It has also emerged from papers submitted to the Supreme Court of New Mexico earlier this week that Muziwokuthula Madondo claimed that one of his alleged victims – Maritzburg College old boy Zenzele Mdadane – was part of a gang that sexually assaulted him.
Madondo is accused of shooting dead father and son Bobby Gonzales (57) and Gabriel Baca (37) in a hotel in Tucumcari, New Mexico, before fleeing to Texas in March 2011.
Madondo will stand trial in 2015
His videotaped confession to police is the subject of a court battle over whether a jury should hear it when he does ultimately stand trial in 2015 for the Tucumcari murders.
The papers, called a “brief-in-chief”, are the first salvo by the New Mexico attorney general in a bid to overturn a ruling by Judge Albert J Mitchell suppressing Madondo’s confessions following his arrest on March 27 2011 in the town of Conroe, near Houston, Texas.
Requests for attorney ignored
Last year Mitchell found that Madondo’s state and federal rights were violated after his requests for an attorney, as well as his request not to speak to the police, had been ignored.
Police interviewed Madondo on three consecutive days starting with the day of his arrest, and each day he told them more until he allegedly confessed to the murders of the four people.
The argument in the Supreme Court of New Mexico will focus on whether he had in fact given up his rights to silence and his right to have an attorney present after he had initially insisted on them on March 27.
According to the brief-in-chief, a copy of which is in SAPAâ??s possession, he consented to a search of his hotel room, but not to one of his van.
â??Easiest case I have ever dealt withâ?
The next day on March 28, New Mexico State police officers Josh Armijo and Matt Broom started interviewing him.
Madondo is quoted as telling the officers “I would like a lawyer please” and a little while later tells Armijo “I don’t have anything to say.”
But after that he started talking to the officers without specifically mentioning the murders of Baca and Gonzales.
“Everything points to me right now… I’m sure you guys think, ‘Oh, this is the easiest case I have ever dealt with’.”
At some stage Broom brings out Madondo’s bible that was retrieved from his van and refers to it as “the truth”.
After further discussions, Madondo is quoted as saying: “I’m praying, but I need somebody to talk to… so that the truth be out there, whatever happens, man.”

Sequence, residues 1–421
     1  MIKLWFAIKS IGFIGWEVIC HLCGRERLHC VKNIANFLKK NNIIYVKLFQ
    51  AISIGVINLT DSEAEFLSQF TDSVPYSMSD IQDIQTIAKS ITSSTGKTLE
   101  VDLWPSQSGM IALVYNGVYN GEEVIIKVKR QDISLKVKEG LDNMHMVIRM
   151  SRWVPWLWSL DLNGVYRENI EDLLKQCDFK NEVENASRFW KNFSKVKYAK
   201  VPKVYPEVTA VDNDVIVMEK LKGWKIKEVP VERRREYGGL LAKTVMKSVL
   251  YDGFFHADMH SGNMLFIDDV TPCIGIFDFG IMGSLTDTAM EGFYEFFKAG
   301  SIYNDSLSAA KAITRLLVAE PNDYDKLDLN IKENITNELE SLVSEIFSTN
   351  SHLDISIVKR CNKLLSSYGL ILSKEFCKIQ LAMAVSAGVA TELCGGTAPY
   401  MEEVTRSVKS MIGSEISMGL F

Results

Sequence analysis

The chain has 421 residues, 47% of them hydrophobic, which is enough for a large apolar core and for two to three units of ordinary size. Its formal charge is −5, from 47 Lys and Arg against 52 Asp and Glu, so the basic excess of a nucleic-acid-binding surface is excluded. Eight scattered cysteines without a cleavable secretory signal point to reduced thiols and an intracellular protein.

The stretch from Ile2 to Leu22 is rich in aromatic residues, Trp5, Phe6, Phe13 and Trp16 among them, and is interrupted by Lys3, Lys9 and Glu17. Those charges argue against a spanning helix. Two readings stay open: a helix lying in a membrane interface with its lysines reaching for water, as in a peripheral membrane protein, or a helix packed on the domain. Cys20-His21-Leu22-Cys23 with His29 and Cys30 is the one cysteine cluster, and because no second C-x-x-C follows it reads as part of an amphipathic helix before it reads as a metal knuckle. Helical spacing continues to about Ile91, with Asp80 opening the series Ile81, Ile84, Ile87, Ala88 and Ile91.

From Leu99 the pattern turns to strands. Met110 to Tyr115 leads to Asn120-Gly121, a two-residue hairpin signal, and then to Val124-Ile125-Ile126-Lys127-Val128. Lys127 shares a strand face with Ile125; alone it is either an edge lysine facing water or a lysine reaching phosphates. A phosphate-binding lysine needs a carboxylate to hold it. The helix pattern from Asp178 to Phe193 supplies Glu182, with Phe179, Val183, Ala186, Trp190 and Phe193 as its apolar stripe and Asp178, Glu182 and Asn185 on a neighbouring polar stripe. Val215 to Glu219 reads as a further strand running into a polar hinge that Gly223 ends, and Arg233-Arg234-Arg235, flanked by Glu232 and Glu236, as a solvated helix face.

â??I have decided to talk nowâ?
When the officers question him again if he wants to tell the truth and if he understands his rights, he said: “I understand I have a right not to talk, but I have decided to talk now.”
Then without providing details, the brief-in-chief explains that Madondo told the two officers how he was framed for the murders and tricked into taking possession of the weapons.
It detailed how Armijo questions discrepancies in Madondo’s story.
Later Texas Ranger Steven Rayburn resumed interviewing Madondo.
Rayburn and Madondo discussed sin, making mistakes, God and heaven, with Rayburn ultimately asking Madondo” “What if you did these things and you insisted you did not?”
Madondo replied: “That would be bad. God won’t like that.”
After encouraging Madondo “to get this burden off” the two men prayed together
Rayburn questioned whether Baca and Gonzales did “something sexual in nature” to Madondo.
Madondo started crying and told Broom and Rayburn that: “A Christian doesn’t kill, but in my position… Jesus would have killed in my position.”
The next day on March 29, 2011, Rayburn asked Madondo about “tough spots” that Madondo did not want his dad to know about.
It was then that Madondo told the officers that he was sexually abused as a child
The brief-in-chief provides no details of what Madondo told officers, except that Rayburn told Madondo the abuse was not his fault.
“Yeah, but what happened after is my fault,” Madondo allegedly replied.
It is at this stage that Madondo then revealed that a friend named “Zen” [Mdadane] and some other men attacked him and sexually assaulted him in New Jersey.
According to the brief-in-chief Madondo described how he purchased a gun, tracked Mdadane down, before luring him to Ohio, and then killed him.
He also described going to FirstMerit Bank executive Jacquelyn Hilder’s home in Akron, Ohio where he planned to rob her. When she screamed, Madondo allegedly killed her.
It was then that Madondo allegedly described how he had travelled to Tucumcari and the events that led to the death of Baca and Gonzales.
The precise details of the murders are not detailed in the brief-in-chief
Madondo’s lawyer Roger Bargas has 120 days to submit an answering brief. The attorney general then has another 20 days to submit a responding brief.
Hilder was shot dead on February 17 2011 and two days later the bullet-riddled body of Mdadane (25) was found in the woods in Butler Township, Ohio. Madondo has yet to appear in an Ohio for those murders, or plead to them.
Originally from Richmond, near Pietermaritzburg, Madondo emigrated to the US in 2008 to study theology.
New Mexico does not have the death penalty, but if convicted of the two Ohio murders, he could face the death penalty in that state.
At the time of his arrest it was reported that Madondo had claimed he wanted the death penalty